Going Paleolithic Much?

I bought a book yesterday called, The Paleo Solution: The Original Human Diet, by Robb Wolf (2010). I downloaded the Kindle version via Amazon to read on my iPad.

Why are you interested in the paleo diet, anyway?

To be honest, I’m less interested and more curious. Since this week is about nutrition, I decided to read something new (for me) on the subject. I have “read” half the book (a lot of text scanning going on here). It’s fairly interesting, but it is also written with a bit of over-the-top cheekiness. To Robb’s credit, though, making nutrition a fun subject can be tough.

What I find most interesting is that the approach to “eating like our ancestors” is a lot like my experience trying to eat kosher a couple summers ago. I’m not Jewish, but I wanted to see what it’s like (I have many Jewish friends who lead kosher lives and seem pretty healthy).

While eating kosher that summer, I did take it a step further and significantly reduce my carbohydrate intake (breads, cereals, pasta, and sugars not from fresh fruits). I saw real results from that.

The thing is, I didn’t exactly live well that summer. There were many late nights of mostly studying, two-a-day workouts without giving much time for recovery, plenty of beer, and I was still a pack-a-day smoker. By the end of that summer, though, my body was (at least visibly) in better shape than it had been in a while.

So are you saying that Uncle Ruben lived the paleo diet lifestyle?

Nope. Unless, of course, he did. Eating kosher, though, does not necessarily mean your adhering to the paleo diet. You’d have to read more to understand, and I’m still not entirely certain about all the differences.

Are you going paleo on us?

Hardly. I just want to learn more about it. You can’t read results like those touted in Robb’s book and not scratch your head a little and wonder. He talks a little about treating the symptoms of lupus with this diet. That hit close to home for me. My warrior of a father is stricken with the disease. Naturally, I’m going to finish the book.

So…do like I’ve done and go find a book on nutrition this week. It doesn’t have to be a radical approach book like the one I downloaded, but find something to educate yourself more on the general subject. We pay a lot of attention to what goes in and out of our bank accounts every day, but too many of us fail to think about what enters and–yes–exits our bodies.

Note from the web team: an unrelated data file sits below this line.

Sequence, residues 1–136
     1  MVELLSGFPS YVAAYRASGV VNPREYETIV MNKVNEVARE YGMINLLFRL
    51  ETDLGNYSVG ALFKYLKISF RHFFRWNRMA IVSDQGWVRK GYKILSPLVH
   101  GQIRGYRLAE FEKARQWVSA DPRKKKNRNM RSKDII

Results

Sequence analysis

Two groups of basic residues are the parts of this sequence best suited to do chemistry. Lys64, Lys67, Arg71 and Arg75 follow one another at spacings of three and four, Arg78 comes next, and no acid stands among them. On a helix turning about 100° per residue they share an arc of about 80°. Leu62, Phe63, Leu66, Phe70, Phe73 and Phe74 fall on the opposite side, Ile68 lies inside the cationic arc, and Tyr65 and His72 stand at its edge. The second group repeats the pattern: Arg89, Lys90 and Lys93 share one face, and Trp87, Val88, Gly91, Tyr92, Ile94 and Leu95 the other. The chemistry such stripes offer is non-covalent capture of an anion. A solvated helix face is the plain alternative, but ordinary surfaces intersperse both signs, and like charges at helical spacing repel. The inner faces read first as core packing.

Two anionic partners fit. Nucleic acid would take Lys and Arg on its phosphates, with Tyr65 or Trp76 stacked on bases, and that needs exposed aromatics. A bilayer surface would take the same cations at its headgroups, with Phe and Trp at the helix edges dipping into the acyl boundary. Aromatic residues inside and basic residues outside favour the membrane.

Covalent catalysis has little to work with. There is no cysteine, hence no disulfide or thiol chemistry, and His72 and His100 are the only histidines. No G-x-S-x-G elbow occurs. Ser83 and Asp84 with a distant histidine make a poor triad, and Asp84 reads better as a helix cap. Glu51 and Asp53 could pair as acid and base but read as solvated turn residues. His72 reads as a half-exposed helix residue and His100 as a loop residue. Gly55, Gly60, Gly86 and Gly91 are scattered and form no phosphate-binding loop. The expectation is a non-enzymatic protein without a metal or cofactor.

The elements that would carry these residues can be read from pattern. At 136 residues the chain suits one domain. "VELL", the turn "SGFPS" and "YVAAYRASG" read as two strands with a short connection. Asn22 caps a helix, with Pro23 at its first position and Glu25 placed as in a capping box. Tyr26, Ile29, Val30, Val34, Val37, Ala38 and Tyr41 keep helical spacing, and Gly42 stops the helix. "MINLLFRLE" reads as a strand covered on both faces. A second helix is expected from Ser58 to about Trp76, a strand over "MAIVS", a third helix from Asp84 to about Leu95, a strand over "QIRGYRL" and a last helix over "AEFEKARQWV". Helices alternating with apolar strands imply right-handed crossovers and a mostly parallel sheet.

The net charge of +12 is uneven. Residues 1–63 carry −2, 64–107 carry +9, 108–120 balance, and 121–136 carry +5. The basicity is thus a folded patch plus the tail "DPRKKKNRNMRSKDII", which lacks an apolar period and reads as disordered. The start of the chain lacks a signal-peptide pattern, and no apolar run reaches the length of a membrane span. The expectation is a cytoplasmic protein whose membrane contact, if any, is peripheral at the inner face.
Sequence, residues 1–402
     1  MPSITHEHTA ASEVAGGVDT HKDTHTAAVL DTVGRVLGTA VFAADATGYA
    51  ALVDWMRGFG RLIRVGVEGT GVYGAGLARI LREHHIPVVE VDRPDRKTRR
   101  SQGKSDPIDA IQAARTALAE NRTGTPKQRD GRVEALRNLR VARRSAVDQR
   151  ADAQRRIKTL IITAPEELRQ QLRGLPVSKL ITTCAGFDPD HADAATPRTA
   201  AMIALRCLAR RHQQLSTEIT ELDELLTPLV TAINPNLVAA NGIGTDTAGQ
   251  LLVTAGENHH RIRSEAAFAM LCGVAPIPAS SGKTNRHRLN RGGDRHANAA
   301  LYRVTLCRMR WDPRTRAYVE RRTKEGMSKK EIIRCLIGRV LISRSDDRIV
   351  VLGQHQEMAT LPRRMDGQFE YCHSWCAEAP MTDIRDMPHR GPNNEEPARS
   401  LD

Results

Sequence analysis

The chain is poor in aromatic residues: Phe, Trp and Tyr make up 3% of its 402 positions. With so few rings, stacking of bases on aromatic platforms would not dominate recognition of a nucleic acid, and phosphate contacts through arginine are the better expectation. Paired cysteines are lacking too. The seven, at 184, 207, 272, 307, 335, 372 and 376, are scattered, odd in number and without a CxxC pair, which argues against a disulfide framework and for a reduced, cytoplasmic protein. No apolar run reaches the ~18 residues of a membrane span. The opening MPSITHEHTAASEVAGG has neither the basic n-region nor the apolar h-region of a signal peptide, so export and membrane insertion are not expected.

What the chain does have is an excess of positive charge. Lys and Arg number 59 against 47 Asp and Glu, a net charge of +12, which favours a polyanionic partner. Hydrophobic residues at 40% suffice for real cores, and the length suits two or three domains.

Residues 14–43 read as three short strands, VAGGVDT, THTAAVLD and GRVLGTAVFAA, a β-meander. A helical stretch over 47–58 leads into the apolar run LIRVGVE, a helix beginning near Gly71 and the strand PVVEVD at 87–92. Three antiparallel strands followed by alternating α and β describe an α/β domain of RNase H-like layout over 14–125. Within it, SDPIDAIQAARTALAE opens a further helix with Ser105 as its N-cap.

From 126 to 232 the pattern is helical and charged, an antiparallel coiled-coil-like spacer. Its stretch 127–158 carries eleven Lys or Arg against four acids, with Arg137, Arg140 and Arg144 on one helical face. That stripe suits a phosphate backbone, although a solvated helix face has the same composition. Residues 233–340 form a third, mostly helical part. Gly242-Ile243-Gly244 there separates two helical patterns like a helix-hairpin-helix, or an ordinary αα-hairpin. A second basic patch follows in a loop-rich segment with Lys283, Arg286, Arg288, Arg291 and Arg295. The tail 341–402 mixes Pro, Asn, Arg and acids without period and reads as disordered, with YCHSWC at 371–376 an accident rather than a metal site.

Happy eating and reading!



About Aj

My name is Aj, and I am a fitness and healthy living enthusiast. Please check out my log at www.ajsfocusonfitness.com for more information. View all posts by Aj

4 responses to “Going Paleolithic Much?

  • roughseasinthemed

    I was quite confused by paleo. Anyways, save me writing my views in a comment box, here is my post –


    Unlike Uncle Reuben, I reckon my parents did live/eat it.

    • andyisaj

      Perfect run-down you’ve done there on your views of paleo eating. Thanks for sharing. What I really took away from your post, and a positions with which I happen to agree, is that one must really focus first on what, exactly, he or she is putting into the body. You’re a vegetarian, I am an omnivore. We can both, arguably either way, live incredibly healthy lives so long as we avoid certain things, such as preservatives and other “chemically altered” food products to the greatest extent possible, stay smoke/tobacco/drug free, and get plenty of healthy exercise…as a start.

      Thanks for sharing your views!

      • roughseasinthemed

        Thank you. Totally agree about our body fuel. Why try and live on junk?

        With regard to paleo, I do think it is exclusive and expensive, which victimises people on low/minimal/no incomes. That is a problem, to me.

        Secondly, an awful lot of people live on a pulse-based diet, with minimal meat (fish, poultry etc) and have amazing longevity.

        Thirdly, there is the environmental issue about how much damage rearing meat for humans to eat causes.

        Each point has a different aspect – money/income, public health and life expectancy, environmental damage.

        It’s an interesting topic, but – paleo is not for me. I think the principles are flawed (regardless of the meat, as you can get veg paleos too).

        Look forward to any further views you may have.

  • andyisaj

    Thanks again for continuing the dialogue. Your personal dedication to living a vegetarian lifestyle is commendable. That takes commitment, discipline and willpower.

    For you, I suppose, it’s now second nature…you have to think about it no more than I do when I order a steak with a side of steamed veggies. Still, it’s part of who you are, and it’s certainly not a negative characteristic (nor, do I feel, is being an omnivore or straight up T-Rex carnivore).

    The direction of this discussion brings up a point that seems to find its way into every discussion I ever have on fitness. People really just need to know themselves and their bodies. Experiment with diet and exercise (in a healthy, whole-system-look kind of way), and then do something with what you learn about yourself to make positive adjustments to your overall lifestyle.

    You’re right that there are plenty of ways to get protein other than simply cutting into a turkey breast or devouring a lettuce-wrapped bison burger. If you feel better (physically and mentally) avoiding animal products, you really shouldn’t eat meat. If not eating eat makes you feel weak and sick much of the time, common sense says something needs to change. That’s when experimenting comes in handy (again…healthy, minor changes to see if something improves).

    A really smart guy with crazy hair once defined insanity as “doing the same thing over and over again and expecting different results.” I subscribe to that meme.


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